Towards a conceptual framework for IPBES (Intergovernmental Platform on Biodiversity and Ecosystem Services)
Comments on the “Background document to support the development of a Conceptual Framework to guide the delivery of IPBES”
[ download our "bioGENESIS" submission at http://www.ipbes.net/plenary/comments-received-on-the-on-going-intersessional-process.html under section: "Conceptual framework to guide the work programme" ]
The ongoing activities of the Intergovernmental Platform on Biodiversity and Ecosystem Services (IPBES) Intersessional Process include an invitation for comments on various documents arising from the Intersessional Process (http://www.ipbes.net/plenary/intersessional.html ). Our submission provides comments on the document “Background document to support the development of a Conceptual Framework to guide the delivery of IPBES” (Background document; see also IPBES/1/INF/9). This submission has been prepared by bioGENESIS (see authors list at end and see www.biogenesis-diversitas.org for background).
We applaud the efforts, emerging from the IPBES Panama meeting (UNEP/IPBES.MI/2/9), to prepare a draft conceptual framework document “informed by the review of assessments and drawing on existing conceptual frameworks”. We agree that an IPBES conceptual framework could be valuable in standardizing assessment approaches, and unifying the core activities of IPBES. We agree that a key contribution would be agreement on “common definitions” and “common terminology and concepts”.
Overall, the document covers important considerations about possible conceptual frameworks and how they might work. It makes sense (pg6, l15) that a conceptual framework should emerge from co-design with stakeholders and experts from various disciplines. However, section 3 (“What might be the key building blocks for an IPBES conceptual framework?”), then seems premature, and overly-constraining, in putting forward elements of a conceptual framework. We are concerned that this does not capture some of the useful aspects found in the Millennium Ecosystem Assessment (MA) and other existing frameworks, and may reflect only the perspectives of the “informal group of experts” at the initial workshop.
Our two main concerns are these:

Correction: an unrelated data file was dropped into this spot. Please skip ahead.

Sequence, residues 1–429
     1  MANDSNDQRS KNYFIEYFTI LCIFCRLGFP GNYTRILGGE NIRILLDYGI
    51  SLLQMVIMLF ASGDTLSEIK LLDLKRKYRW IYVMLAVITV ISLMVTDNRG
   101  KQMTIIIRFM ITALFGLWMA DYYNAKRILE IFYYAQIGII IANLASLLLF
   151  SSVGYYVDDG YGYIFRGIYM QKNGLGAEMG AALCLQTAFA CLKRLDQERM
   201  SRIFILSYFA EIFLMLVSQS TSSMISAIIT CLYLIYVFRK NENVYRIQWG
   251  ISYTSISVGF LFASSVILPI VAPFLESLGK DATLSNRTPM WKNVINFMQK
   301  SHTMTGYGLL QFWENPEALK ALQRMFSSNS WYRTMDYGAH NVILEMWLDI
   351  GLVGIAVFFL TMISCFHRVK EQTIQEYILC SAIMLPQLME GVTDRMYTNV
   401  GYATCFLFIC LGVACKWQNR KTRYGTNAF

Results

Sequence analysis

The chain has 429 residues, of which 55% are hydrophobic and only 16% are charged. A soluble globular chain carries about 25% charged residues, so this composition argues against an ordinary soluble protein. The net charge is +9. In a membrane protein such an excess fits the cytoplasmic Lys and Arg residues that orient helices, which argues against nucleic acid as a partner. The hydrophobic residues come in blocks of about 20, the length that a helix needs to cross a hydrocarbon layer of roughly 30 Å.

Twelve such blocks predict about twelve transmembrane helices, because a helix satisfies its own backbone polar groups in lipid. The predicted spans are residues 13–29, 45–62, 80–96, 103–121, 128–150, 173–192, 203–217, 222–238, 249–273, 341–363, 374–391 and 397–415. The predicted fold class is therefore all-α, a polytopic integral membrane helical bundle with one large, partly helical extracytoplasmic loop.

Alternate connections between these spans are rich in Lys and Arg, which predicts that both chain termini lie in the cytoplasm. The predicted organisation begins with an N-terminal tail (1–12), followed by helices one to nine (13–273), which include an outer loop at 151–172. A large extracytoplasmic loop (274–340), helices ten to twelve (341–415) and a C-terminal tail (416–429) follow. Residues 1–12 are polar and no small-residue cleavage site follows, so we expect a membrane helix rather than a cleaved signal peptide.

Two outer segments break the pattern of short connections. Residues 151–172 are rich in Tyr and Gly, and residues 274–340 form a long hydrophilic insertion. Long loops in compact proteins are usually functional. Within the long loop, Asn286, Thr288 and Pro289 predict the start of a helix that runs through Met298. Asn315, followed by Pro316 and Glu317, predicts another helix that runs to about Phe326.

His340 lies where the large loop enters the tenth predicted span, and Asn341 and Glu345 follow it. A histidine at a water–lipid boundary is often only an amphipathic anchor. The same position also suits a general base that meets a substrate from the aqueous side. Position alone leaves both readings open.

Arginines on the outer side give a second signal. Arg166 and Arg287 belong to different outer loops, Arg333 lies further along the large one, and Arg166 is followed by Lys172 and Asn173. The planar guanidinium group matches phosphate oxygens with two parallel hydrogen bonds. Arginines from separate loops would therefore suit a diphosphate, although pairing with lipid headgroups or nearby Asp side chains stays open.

1) It should be made clearer (e.g. in Fig 1) that biodiversity provides direct links to human well-being, not only through intrinsic values, but also through option values;
2) The document portrays “biodiversity” primarily as something that is needed for ecosystem services (e.g., “Ecosystem services are produced by biodiversity…”). In fact, typically components of biodiversity (not variation/variety per se) support or produce a given service. We feel that any useful conceptual framework will enable distinctions between the benefits from “variety” and the benefits from individual components of biodiversity. This is important, for example, because conservation focused on individual components may not ensure conservation of biodiversity.
The Biodiversity Synthesis of the MA http://www.unep.org/maweb/documents/document.354.aspx.pdf concluded “Biodiversity loss is important in its own right because biodiversity has cultural values, because many people ascribe intrinsic value to biodiversity, and because it represents unexplored options for the future (option values)”. The MA described option value as: “the value individuals place on keeping biodiversity for future generations”. Option values from biodiversity include possible future benefits from known and unknown elements/services (as distinct from the option value sometimes associated with a given ecosystem service).
The Response Options – Biodiversity chapter of the MA further discussed the MA conceptual framework and its integration of biodiversity option values and ecosystem services – importantly referring to trade-offs and synergies among these.